A glacier forms in areas of high precipitation and elevation where the snow is allowed to pile up to great depths, compacting the bottom layers into solid ice. The great weight above the bottom ice (along with the force of gravity) pushes it slowly downward like a giant frozen river, scooping out huge valleys and shearing off entire mountainsides. When the rate of advance is balanced by melt-off, the face of the glacier remains more or less stationary. If the glacier flows more quickly than its face melts, it advances; if it melts faster than it flows, the glacier recedes.
Air bubbles are squeezed out of the glacier by this tremendous pressure, which makes glacial ice extremely dense. It’s so compact that the higher frequencies of light cannot escape or penetrate it, which explains the dark-blue tinge. And because of its density, it also melts at fantastically slow rates; a small chunk or two will keep beer in a cooler chilled for a day or two.
As you travel up the coast or hike in the national parks of the Interior , you’ll soon start to recognize and identify glacial landforms. While rivers typically erode V-shaped valleys, glaciers gouge out distinctly U-shaped glacial troughs. Valleys and ridges branching from the main valley are sliced off to create hanging valleys and truncated spurs.
A side valley that once carried a tributary glacier may be left as a hanging trough; waterfalls often tumble from these hanging valleys and troughs. Alpine glaciers scoop out the headwalls of their accumulation basins to form cirques. Bare jagged ridges between cirques are known as arêtes.
As a glacier moves down a valley it bulldozes a load of rock, sand, and gravel—known as glacial till—ahead of it, or carries it on top. Glacial till that has been dumped is called a moraine. Lateral moraines are pushed to the sides of glaciers, while a terminal moraine is deposited at the farthest point of the face’s advance. A medial moraine is formed when two glaciers unite. These ribbonlike strips of rubble can be followed back to the point where the lateral moraines converge between the glaciers.
When looking at a glaciated landscape, watch for gouges and scrape marks on the bedrock, which indicate the direction of glacial flow. Watch too for erratics, huge boulders carried long distances and deposited by the glacier that often differ from the surrounding rock. Glacial runoff is often suffused with finely powdered till or glacial flour, which gives it a distinctive milky-white color; the abundance of this silt in glacial streams creates a twisting, braided course. With a little practice, you’ll soon learn to recognize glacial features at a glance.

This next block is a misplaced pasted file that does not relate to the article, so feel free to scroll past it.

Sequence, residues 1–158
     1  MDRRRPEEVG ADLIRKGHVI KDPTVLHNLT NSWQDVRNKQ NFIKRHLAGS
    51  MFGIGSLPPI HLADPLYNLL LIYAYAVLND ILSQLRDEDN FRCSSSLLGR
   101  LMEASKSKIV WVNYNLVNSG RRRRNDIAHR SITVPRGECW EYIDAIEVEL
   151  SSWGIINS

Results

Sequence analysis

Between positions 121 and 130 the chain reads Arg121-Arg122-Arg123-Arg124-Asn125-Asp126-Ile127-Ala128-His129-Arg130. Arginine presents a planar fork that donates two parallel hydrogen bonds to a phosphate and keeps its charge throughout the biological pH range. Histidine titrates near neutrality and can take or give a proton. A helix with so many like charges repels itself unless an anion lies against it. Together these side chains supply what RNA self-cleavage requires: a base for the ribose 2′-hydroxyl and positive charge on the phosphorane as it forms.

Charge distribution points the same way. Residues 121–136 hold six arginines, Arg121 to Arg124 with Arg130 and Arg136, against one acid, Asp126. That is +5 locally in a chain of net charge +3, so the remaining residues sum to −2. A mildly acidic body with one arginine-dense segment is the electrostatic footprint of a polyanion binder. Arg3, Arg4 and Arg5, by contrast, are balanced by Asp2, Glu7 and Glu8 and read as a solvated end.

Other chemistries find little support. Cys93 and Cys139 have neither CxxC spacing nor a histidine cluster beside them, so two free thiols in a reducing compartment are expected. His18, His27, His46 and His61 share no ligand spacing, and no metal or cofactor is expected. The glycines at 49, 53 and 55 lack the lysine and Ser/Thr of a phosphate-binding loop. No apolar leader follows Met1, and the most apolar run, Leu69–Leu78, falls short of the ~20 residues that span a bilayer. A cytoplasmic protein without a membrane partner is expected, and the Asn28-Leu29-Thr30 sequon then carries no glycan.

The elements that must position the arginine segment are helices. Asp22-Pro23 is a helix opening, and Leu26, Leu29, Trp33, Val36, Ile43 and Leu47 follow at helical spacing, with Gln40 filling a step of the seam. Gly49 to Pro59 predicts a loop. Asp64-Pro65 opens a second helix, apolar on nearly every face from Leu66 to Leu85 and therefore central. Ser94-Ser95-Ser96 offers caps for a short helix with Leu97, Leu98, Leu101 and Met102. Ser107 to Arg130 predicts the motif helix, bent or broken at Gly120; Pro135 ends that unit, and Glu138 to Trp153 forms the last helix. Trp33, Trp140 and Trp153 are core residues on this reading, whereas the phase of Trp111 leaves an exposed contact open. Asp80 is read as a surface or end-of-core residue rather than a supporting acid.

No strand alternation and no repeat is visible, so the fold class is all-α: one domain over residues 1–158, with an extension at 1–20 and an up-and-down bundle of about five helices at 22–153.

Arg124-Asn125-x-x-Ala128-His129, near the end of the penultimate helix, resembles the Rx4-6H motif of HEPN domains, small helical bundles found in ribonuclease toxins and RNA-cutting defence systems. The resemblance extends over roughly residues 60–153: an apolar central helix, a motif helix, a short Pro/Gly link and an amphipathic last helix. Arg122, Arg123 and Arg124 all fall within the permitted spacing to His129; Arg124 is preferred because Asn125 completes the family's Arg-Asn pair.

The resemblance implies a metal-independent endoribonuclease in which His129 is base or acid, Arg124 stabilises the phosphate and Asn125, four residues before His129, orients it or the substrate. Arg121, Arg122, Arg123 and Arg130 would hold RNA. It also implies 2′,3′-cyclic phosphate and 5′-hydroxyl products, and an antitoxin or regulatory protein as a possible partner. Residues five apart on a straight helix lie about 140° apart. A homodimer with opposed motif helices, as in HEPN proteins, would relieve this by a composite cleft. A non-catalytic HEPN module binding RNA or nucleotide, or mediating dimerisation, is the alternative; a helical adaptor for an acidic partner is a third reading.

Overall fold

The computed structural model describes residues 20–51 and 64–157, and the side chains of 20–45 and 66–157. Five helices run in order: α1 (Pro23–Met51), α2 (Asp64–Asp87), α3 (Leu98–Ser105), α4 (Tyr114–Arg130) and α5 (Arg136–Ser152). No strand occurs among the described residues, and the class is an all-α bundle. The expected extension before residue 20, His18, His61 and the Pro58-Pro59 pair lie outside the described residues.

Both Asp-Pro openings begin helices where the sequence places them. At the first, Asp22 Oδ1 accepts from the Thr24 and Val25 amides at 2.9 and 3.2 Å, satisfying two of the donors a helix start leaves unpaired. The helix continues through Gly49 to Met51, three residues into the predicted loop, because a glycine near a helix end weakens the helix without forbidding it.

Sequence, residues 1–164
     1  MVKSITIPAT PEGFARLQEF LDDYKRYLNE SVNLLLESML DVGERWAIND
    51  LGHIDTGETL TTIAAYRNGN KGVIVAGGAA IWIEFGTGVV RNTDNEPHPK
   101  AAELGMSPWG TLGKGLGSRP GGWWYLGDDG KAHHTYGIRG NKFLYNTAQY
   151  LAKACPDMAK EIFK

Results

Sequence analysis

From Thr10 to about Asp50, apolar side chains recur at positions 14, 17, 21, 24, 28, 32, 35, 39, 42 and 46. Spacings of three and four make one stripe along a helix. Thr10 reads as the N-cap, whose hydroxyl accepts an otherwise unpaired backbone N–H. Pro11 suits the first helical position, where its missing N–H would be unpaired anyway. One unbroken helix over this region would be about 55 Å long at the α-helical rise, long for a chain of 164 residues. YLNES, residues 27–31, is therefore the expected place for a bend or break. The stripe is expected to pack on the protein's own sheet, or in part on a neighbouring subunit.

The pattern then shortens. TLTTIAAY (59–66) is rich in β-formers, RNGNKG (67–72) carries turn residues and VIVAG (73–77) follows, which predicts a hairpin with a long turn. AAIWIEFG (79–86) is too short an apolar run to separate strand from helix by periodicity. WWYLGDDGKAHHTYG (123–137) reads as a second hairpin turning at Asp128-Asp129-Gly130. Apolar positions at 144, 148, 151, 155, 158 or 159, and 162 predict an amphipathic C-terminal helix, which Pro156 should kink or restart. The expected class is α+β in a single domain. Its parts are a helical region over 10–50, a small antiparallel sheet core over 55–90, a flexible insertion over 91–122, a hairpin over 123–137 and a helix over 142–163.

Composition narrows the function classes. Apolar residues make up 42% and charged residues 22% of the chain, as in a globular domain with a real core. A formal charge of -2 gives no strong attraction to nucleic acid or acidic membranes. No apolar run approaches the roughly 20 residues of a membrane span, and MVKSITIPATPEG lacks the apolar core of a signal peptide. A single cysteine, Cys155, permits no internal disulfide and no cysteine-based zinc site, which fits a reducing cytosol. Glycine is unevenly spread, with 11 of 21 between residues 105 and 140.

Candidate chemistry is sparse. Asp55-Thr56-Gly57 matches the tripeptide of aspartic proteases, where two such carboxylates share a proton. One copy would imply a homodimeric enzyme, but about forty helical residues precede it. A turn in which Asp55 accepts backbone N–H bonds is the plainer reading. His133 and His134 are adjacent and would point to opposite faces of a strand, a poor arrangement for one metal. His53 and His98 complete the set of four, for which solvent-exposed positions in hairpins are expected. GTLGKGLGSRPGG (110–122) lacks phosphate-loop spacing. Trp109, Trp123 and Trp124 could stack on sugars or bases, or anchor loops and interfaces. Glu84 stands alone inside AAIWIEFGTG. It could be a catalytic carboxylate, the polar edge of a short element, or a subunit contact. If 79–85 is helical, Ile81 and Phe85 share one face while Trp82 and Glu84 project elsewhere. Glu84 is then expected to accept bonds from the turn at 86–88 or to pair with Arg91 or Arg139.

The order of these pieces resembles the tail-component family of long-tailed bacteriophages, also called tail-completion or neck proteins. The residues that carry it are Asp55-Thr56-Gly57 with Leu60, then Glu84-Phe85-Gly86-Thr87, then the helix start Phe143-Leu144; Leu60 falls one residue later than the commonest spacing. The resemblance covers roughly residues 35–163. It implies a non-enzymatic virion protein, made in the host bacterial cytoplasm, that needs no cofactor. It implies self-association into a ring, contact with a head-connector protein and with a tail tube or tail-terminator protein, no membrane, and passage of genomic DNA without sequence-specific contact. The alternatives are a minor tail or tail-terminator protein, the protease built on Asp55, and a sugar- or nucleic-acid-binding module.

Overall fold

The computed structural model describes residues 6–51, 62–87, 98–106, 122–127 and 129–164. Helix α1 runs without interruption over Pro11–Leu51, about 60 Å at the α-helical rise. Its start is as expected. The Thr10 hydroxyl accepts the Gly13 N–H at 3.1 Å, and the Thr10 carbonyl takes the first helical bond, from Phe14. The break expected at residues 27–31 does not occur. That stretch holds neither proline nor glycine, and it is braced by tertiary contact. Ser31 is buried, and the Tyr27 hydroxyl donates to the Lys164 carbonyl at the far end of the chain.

The vast majority of Alaska ’s glaciers, like those in many other parts of the world, are retreating as the global climate warms. In some cases, glaciers have drawn back many miles in the last few decades, exposing newly formed bays and producing massive outflows of icebergs. The 1989 Exxon Valdez  oil spill was caused when the ship diverted to avoid ice from nearby Columbia Glacier ; it didn’t help, of course, that the captain was drunk.
One of the few exceptions to the pattern of retreating glaciers is Hubbard Glacier  near Yakutat , whose advance threatens to dam up a large bay, potentially changing the course of rivers. Learn more about glaciers and ongoing Alaska research at the U.S. Geological Survey’s glacier and snow website (http://ak.water.usgs.gov/glaciology ).
To picture permafrost, imagine a veneer of mud atop a slab of ice. In the colder places of the Lower 48, soil ecologists measure how much surface soil freezes in winter. In Alaska , they measure how much surface soil thaws in summer. True permafrost is ground that has stayed frozen for more than two years. To create and maintain permafrost, the annual average temperature must remain below freezing.
The topsoil above the permafrost that thaws in the summer is known as the active layer. With the proper conditions, permafrost will penetrate downward until it meets heat from the earth’s mantle. In the Arctic, permafrost begins a few feet below the surface and can extend 2,000–5,000 feet deep. This is known as continuous permafrost, which almost completely underlies the ground above the Arctic Circle. Discontinuous permafrost, with permafrost in scattered patches, covers extensive parts of Alaska, particularly boggy areas covered by black spruce forests.
Frozen ground is no problem—until you need to dig in it. Russian engineers were the first to encounter industrial-scale problems with permafrost during the construction of the Trans-Siberian Railroad. In Alaska, gold mining, especially in deep-placer operations, often required up to two years of thawing hundreds of feet of permafrost before dredging could proceed.
Today, houses frequently undermine their own permafrost foundations: Heat from the house thaws the ground, causing it—and the house above it—to sink. Similarly, road-building clears the insulating vegetation layer and focuses heat on the frozen layer, causing severe “frost heaving,” the roller-coaster effect common to roads in Interior Alaska .
In the 1970s, pipeline engineers had to contend with the possibility that the 145°F oil flowing through the pipe would have similarly detrimental effects on the permafrost, with potentially disastrous financial and ecological consequences. That’s why more than half of the Trans-Alaska Pipeline is aboveground, supported by a specially designed and elaborate system of heat-reducing pipes and radiators.
Today, there is increasing concern that warming global temperatures could have a devastating impact in the Arctic, causing permafrost to melt and greatly altering the ecosystem.